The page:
Bigger Exporting Businesses ‘Concerned’ About Future – But Small Firms Report ‘Business As Usual’
In 2016, small businesses appeared to less interested, than previous years, in external finance - with many opting to self-fund instead
Larger exporting businesses were more concerned post-Brexit than smaller domestic firms, a report by BDRC Continental has revealed.
Its SME Finance Monitor, which surveyed over 100,000 UK small businesses, found that 70% of smaller enterprises said that nether political or economic uncertainty posed any barrier in Q4 2016 – suggesting many were unhinged by the EU referendum result.
The reaction among larger businesses, with between 50-249 employees, was significantly different however – with 35% worried about the economic climate and 32% worried about the political one in the same quarter.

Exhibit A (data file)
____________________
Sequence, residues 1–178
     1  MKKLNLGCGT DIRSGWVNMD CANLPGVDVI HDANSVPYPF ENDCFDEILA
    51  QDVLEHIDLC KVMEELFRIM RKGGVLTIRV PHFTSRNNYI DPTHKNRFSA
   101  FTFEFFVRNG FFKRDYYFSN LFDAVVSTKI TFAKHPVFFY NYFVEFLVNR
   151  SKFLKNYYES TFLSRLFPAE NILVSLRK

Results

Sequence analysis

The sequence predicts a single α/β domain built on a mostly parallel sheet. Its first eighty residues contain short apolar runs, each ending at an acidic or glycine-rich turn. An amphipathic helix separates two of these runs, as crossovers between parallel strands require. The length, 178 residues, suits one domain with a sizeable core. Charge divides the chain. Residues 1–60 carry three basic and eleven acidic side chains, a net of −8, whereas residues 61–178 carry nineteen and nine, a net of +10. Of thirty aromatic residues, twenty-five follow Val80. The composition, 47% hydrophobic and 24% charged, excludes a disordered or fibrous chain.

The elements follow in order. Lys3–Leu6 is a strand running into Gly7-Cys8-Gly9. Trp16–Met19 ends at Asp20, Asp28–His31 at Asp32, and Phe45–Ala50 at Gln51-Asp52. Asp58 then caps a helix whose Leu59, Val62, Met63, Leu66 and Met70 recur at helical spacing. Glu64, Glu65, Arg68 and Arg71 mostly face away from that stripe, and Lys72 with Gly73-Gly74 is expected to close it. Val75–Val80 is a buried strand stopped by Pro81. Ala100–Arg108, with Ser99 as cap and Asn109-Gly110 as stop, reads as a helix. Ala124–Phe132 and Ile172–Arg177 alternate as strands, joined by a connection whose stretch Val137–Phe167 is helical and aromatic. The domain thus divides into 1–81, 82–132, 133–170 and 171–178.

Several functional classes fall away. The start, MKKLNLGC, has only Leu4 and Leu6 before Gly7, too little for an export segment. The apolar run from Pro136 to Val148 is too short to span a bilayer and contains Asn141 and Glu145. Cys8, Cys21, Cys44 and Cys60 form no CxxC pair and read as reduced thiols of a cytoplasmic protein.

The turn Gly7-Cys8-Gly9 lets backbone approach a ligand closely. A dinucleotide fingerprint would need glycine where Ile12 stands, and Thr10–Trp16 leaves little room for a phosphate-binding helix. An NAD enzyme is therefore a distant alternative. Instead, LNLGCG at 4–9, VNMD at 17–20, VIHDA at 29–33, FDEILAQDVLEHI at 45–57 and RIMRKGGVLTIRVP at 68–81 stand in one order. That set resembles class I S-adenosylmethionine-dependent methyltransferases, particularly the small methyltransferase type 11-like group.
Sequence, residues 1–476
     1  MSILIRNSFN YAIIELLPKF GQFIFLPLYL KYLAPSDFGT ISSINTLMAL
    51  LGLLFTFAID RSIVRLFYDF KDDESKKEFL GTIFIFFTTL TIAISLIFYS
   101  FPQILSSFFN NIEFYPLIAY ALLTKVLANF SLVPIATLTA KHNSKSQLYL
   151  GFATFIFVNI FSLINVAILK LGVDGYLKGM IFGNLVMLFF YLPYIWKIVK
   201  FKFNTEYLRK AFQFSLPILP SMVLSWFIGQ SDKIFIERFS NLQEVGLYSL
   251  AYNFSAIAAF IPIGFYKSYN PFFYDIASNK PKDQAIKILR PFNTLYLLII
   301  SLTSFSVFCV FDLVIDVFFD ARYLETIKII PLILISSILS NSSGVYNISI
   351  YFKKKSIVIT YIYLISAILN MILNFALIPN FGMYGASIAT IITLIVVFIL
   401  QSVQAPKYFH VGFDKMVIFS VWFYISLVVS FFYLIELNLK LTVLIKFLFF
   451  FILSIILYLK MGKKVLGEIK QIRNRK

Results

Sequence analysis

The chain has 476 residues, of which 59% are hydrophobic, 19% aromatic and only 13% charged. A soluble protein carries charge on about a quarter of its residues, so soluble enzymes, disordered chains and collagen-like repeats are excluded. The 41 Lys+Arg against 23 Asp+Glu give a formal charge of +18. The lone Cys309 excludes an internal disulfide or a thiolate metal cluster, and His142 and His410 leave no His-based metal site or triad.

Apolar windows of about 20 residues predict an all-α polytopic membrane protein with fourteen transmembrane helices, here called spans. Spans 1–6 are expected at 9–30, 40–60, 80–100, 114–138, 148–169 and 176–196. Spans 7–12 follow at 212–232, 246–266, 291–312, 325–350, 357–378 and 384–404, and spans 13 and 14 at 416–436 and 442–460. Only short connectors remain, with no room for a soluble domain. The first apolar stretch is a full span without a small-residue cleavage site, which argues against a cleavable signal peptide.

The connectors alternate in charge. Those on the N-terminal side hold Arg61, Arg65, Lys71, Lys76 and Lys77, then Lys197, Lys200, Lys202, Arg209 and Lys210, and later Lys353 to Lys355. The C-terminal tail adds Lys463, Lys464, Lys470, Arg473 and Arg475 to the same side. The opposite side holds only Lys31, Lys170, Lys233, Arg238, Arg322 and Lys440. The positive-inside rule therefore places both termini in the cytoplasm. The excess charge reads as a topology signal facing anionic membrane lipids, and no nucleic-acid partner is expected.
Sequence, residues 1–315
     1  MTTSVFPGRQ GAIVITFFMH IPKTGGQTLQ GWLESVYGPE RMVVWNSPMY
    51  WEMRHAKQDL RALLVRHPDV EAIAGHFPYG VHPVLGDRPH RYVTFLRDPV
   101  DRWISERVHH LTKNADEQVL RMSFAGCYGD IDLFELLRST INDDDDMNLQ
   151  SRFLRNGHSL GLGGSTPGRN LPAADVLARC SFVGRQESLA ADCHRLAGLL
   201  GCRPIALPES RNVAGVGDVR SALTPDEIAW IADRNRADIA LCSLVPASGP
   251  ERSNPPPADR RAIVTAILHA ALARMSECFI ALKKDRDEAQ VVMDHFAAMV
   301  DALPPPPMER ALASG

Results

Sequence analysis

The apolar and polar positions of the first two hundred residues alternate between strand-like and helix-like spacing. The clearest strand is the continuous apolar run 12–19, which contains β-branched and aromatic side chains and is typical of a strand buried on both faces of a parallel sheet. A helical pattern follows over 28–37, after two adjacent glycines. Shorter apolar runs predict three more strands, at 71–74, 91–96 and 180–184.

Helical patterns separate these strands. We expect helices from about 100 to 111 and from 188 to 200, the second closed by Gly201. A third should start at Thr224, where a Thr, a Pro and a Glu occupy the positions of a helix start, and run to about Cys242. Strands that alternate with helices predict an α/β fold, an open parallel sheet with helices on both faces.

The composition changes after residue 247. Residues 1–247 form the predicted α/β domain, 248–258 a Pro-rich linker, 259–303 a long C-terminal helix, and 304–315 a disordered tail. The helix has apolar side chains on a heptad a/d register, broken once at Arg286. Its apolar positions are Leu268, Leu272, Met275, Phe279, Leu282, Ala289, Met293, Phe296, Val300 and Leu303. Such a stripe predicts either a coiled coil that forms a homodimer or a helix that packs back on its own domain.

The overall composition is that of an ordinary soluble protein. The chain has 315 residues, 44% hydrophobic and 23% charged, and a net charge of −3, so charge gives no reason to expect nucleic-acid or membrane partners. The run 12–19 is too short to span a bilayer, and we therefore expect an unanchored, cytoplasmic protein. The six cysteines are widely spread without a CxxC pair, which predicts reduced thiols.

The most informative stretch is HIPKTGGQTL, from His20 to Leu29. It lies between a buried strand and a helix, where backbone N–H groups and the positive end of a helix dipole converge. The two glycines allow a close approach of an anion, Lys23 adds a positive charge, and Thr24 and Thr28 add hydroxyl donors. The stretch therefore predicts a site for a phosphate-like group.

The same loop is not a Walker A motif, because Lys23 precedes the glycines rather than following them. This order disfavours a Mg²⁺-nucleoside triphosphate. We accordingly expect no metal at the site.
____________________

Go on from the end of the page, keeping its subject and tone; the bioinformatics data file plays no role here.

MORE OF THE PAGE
Despite shrugging off any Brexit concerns, smaller respondents were less confident of expanding their operations over the next 12 months, as just 43% said they expected to grow – compared to 49% in 2013.
When looking to raise funds, businesses appeared less interested in external finance, than in previous years, with many opting to self-fund instead.
Just 37% of all businesses used this method in 2016, with a record low 5% applying for renewed loan or overdraft facility.
However, the decline in appetite for finance does not appear to be a confidence issue, with 69% optimistic that if they applied to their bank for a loan, their request would be granted.
Shiona Davies, director at BDRC Continental, said:
“While sentiment across the small business sector remains buoyant, businesses that trade internationally are increasingly concerned about the economic climate and political uncertainty. For businesses that both import and export, concerns about political uncertainty increased from 8% in 2015 to 32% in Q4 2016.”